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EU batteries regulation aims to reduce reliance on China imports
Europe wants to become a major player in sustainable battery production
Michael Marray 30 Dec 2020

The European Union is supporting its auto battery making industry with a package of regulations to enforce strict sustainability standards. On December 10 the European Commission proposed a new Batteries Regulation, which seeks to ensure that batteries in the EU market are sustainable and safe throughout their life cycle.

The EU has plans to establish itself as a major global player in battery production. This will not only bring benefits in terms of jobs and economic growth, but will also help achieve “strategic autonomy", notably reducing dependence on imports from China.

The proposed regulation is described as "the single most important tool that enables Europe to build a truly sustainable battery industry supporting Europe’s transition to electrification". It will now move through the legislative process, with amendments proposed until an eventual vote in the EU Parliament.

Under the regulation, batteries will be collected, repurposed and recycled, becoming a true source of valuable raw materials. For this, the proposal establishes specific requirements at each stage of the battery value chain.

All steps throughout the batteries' life cycle, from the extraction of mineral resources used in their manufacture up to their collection and treatment after use, are covered.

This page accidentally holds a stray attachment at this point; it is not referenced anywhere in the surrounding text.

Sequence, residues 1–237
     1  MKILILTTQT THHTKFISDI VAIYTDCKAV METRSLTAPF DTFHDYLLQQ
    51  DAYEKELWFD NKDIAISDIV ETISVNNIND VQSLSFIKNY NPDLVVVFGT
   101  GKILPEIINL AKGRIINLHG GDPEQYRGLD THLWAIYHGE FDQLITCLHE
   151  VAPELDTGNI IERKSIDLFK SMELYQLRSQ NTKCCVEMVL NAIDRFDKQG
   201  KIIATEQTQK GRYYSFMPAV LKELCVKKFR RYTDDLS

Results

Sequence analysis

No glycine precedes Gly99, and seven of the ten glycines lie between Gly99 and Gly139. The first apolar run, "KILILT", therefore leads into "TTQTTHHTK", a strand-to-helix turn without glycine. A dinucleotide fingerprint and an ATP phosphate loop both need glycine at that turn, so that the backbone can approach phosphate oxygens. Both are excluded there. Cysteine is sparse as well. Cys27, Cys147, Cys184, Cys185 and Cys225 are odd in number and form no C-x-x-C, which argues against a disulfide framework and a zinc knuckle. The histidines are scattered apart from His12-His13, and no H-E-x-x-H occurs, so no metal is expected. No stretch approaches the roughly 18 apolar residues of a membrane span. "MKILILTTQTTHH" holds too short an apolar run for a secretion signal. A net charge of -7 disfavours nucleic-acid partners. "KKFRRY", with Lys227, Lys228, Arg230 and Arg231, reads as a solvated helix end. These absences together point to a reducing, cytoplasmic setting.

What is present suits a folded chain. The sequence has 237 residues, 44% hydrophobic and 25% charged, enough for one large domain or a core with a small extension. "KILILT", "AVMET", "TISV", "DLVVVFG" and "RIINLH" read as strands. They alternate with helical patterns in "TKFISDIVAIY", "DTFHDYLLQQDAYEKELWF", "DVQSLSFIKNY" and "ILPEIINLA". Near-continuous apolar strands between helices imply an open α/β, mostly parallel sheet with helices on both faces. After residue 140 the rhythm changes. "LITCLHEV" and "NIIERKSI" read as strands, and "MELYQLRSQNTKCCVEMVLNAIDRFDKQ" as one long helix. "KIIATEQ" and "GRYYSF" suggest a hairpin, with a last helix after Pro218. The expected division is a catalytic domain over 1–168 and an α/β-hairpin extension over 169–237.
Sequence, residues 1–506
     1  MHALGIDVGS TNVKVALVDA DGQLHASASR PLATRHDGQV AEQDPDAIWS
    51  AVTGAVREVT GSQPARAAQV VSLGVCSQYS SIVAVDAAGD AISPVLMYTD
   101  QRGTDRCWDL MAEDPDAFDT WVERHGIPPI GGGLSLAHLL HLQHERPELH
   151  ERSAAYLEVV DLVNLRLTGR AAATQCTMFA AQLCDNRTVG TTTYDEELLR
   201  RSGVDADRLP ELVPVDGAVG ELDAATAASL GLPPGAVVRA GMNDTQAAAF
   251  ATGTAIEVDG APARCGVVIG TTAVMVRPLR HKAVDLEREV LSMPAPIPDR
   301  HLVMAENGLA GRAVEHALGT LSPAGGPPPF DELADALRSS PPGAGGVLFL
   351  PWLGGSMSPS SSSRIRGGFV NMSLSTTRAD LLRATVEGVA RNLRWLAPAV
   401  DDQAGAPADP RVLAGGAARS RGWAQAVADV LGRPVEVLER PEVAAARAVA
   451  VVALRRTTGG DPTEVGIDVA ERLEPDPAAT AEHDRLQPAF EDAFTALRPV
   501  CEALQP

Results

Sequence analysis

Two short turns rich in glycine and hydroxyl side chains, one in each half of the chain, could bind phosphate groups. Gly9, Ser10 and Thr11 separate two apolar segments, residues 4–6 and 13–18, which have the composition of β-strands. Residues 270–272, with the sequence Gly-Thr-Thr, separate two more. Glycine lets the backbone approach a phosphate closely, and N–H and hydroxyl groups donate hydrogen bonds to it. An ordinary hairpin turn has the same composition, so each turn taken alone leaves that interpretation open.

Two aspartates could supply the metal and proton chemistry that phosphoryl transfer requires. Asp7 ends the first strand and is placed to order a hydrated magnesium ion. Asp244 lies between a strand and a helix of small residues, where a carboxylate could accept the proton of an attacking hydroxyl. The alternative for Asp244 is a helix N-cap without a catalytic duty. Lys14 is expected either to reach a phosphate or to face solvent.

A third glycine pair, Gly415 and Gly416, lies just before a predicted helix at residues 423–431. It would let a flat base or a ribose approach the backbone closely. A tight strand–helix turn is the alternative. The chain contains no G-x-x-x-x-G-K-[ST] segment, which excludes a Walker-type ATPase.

The legislation will also provide legal certainty that will help unlock large-scale investments and boost production capacity for innovative and sustainable batteries in Europe and beyond to respond to the fast-growing market.

For requirements related to carbon footprint, levels of recycled content and responsible sourcing of raw materials, the proposal foresees mandatory third-party verification via notified bodies. Market surveillance authorities of the member states will enforce compliance with its provisions.

The European Battery Alliance (EBA), launched in October 2017, seeks to ensure that all Europeans benefit from safer traffic, cleaner vehicles and more sustainable technological solutions. This will be achieved by creating a competitive and sustainable battery cell manufacturing value chain across the region.

Huge market

The EU estimates that the market will have an annual value of up to 250 billion euros (US$306 billion) by 2025. The EBA's industrial development programme is driven by EIT InnoEnegy, which works with the EU industry, academia, and financial sector.

EIT InnoEnergy brought together more than 120 European and non-European stakeholders representing the entire battery value chain. The result is a definition of 43 necessary actions to set up a dynamic and efficient battery alliance, and to capture a significant share of the market.

Along with France and Germany, Sweden is emerging as one of the most important manufacturing bases, and is projected to rank fourth behind China, Japan and the United States by 2025.